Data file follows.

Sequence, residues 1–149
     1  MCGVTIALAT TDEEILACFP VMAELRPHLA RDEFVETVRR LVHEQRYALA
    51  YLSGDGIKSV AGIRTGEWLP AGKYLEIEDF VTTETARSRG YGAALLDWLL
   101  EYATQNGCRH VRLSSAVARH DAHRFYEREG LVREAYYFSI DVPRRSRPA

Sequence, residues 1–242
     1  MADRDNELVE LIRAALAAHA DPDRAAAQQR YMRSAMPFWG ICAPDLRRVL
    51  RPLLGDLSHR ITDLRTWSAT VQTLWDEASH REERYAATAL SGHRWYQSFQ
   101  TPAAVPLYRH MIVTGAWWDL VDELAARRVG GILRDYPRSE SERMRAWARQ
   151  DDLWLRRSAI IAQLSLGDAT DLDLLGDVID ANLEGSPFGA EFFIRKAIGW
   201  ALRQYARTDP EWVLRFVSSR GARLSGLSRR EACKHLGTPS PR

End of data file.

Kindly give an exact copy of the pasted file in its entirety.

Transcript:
Sequence, residues 1–149
     1  MCGVTIALAT TDEEILACFP VMAELRPHLA RDEFVETVRR LVHEQRYALA
    51  YLSGDGIKSV AGIRTGEWLP AGKYLEIEDF VTTETARSRG YGAALLDWLL
   101  EYATQNGCRH VRLSSAVARH DAHRFYEREG LVREAYYFSI DVPRRSRPA

Sequence, residues 1–242
     1  MADRDNELVE LIRAALAAHA DPDRAAAQQR YMRSAMPFWG ICAPDLRRVL
    51  RPLLGDLSHR ITDLRTWSAT VQTLWDEASH REERYAATAL SGHRWYQSFQ
   101  TPAAVPLYRH MIVTGAWWDL VDELAARRVG GILRDYPRSE SERMRAWARQ
   151  DDLWLRRSAI IAQLSLGDAT DLDLLGDVID ANLEGSPFGA EFFIRKAIGW
   201  ALRQYARTDP EWVLRFVSSR GARLSGLSRR EACKHLGTPS PR